It’s a pity that the village feels compelled to consider unappealing Faustian bargains to fill its coffers — driven solely by capitalist interests. Parking meters, once installed, will easily make up the revenue shortfall. Once we have them, we should cut loose docking privileges for the barges altogether.

  2. The situation detailed in your article regarding the Seastreak captures the incompetence of Mayor Foley’s time in office. Per Foley’s own admittance, her inability to implement a two-year-old parking plan has cost the village important revenue. If Trustee Starbucks, charged with the implementation, and the mayor can’t get the job done in a timely matter, they need to get out of the way and let others get it done.

    Of course, the incompetence goes beyond the parking plan. For example, for months we have been promised Big Belly trash receptacles for the waterfront to avoid the littering that happens every weekend. The busy summer season is over and still no Big Belly. We have been promised lights for the dock, and still no lights. Sounding busy at board meetings has not translated into delivering on promises.

    Further, leaving the village budget in a position that a mere $48,000 from Seastreak is presented as being indispensable is irresponsible leadership and betrayal of their fiduciary duty. If they are being honest in presenting the budget situation as dire as they do, they need to be held accountable for their mismanagement of the village budget. If they can’t manage the budget properly, then they need to get out of the way and let others do it.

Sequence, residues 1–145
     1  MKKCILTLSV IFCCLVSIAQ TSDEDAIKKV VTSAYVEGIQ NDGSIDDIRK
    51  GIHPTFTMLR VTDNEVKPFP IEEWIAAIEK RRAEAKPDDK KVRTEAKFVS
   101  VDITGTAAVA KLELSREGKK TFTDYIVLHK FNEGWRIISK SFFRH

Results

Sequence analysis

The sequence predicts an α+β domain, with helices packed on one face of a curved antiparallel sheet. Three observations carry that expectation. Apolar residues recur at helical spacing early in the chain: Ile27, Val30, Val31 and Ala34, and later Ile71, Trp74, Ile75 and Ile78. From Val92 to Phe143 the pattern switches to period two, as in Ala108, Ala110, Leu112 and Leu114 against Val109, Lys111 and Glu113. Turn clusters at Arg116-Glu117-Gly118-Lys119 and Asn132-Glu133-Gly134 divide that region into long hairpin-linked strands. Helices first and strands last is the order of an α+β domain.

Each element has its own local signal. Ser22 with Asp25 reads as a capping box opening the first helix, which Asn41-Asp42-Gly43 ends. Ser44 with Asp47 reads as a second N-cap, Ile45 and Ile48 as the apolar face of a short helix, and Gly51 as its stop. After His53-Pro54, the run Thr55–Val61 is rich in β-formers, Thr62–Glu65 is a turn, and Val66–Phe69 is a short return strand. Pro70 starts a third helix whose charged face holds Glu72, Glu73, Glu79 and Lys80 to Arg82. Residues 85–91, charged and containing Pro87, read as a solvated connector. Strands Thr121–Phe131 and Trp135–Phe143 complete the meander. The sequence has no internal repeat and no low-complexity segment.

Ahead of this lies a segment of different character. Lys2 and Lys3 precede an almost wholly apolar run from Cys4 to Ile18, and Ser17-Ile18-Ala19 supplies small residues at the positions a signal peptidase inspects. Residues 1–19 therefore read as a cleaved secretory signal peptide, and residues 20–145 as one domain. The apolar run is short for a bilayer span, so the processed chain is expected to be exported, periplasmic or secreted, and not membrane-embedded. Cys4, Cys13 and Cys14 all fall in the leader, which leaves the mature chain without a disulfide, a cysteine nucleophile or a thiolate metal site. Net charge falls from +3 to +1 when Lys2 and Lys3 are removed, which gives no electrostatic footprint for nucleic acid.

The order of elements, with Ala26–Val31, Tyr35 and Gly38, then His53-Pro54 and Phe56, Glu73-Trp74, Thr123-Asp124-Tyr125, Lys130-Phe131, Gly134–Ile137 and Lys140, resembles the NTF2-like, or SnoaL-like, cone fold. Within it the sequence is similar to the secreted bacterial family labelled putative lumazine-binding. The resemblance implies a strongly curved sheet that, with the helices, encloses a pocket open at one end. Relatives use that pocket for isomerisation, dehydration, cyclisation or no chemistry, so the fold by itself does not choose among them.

3. As usual, Mr. Alonso hits the nail on the head. For the first time in seven years, the village is in fairly serious fiscal trouble. Unlike the federal government, the village can’t print money to overcome its deficit. We are all hoping for the best, but it will be interesting to see how the village board climbs out of this hole it has created. Perhaps it can begin by listening more closely to its residents.